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Malloy v. Dean

United States District Court, D. South Carolina

February 14, 2018

Johnnie L. Malloy, # 306119, Plaintiff,
v.
A. W. Dean, Major Chavilise, Capt. Pat, Capt. Coleman, Lt. Reddin, Capt. Camanda, Ofc. Gramm, Sgt. Cantee, Lt. Greenlee, Lt. Larry, Counselor Jackson, Capt. Watherspoon and Lt. Ruth, Defendants.

          REPORT AND RECOMMENDATION

          BRISTOW MARCHANT, UNITED STATES MAGISTRATE JUDGE

         This action has been filed by the Plaintiff, pro se, pursuant to 42 U.S.C. § 1983.[1]Plaintiff, an inmate with the South Carolina Department of Corrections (SCDC), alleges violations of his constitutional rights by the named Defendants, all employees of the SCDC.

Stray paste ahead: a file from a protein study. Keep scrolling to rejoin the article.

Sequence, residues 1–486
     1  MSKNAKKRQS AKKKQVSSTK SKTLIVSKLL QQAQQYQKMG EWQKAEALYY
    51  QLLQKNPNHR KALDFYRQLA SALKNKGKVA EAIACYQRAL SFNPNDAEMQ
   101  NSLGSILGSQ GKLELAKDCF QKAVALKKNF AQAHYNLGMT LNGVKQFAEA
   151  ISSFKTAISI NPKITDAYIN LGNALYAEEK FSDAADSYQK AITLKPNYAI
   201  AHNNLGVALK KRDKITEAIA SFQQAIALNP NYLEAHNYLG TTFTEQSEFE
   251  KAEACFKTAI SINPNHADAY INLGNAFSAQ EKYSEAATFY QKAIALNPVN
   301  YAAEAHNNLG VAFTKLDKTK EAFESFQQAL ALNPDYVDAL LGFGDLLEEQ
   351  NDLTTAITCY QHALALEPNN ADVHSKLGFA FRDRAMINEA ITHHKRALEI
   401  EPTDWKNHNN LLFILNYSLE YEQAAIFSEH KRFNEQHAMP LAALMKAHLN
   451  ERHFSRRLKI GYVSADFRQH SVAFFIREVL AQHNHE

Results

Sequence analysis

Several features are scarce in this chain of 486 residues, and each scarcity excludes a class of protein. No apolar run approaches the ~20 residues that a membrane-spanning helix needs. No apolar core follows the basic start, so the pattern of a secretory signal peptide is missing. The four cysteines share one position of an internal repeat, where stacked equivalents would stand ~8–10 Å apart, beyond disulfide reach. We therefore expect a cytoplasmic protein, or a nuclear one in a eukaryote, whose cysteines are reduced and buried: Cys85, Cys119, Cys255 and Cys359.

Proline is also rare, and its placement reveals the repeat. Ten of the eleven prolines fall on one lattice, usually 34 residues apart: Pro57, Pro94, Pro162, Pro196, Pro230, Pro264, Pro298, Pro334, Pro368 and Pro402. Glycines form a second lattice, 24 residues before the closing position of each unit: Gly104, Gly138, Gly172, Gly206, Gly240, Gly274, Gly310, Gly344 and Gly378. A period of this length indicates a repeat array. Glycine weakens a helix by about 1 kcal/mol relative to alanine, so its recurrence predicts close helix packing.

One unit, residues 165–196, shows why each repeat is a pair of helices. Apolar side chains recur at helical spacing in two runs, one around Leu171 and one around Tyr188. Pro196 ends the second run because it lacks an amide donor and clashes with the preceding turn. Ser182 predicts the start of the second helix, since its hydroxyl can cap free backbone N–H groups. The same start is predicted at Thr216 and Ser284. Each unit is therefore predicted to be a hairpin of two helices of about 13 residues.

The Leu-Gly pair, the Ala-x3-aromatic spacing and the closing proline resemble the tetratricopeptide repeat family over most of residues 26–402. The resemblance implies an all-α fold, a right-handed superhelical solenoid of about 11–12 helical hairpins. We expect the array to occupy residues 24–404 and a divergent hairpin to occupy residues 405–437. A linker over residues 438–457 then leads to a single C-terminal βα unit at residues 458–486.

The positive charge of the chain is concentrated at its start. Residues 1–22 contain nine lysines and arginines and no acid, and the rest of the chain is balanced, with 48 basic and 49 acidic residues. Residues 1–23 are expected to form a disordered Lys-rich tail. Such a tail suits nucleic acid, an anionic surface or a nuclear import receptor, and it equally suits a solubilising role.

The Defendants filed a motion for summary judgment pursuant to Rule 56, Fed.R.Civ.P. on January 2, 2018. As the Plaintiff is proceeding pro se, a Roseboro order was entered by the Court on January 9, 2018, advising Plaintiff of the importance of a dispositive motion and of the need for him to file an adequate response. Plaintiff was specifically advised that if he failed to file an adequate response, the Defendants' motion may be granted, thereby ending his case. However, notwithstanding the specific warning and instructions as set forth in the Court's Roseboro Order, Plaintiff failed to file any response to the Defendants' motion for summary judgment, which is now before the Court for disposition.[2]

         I.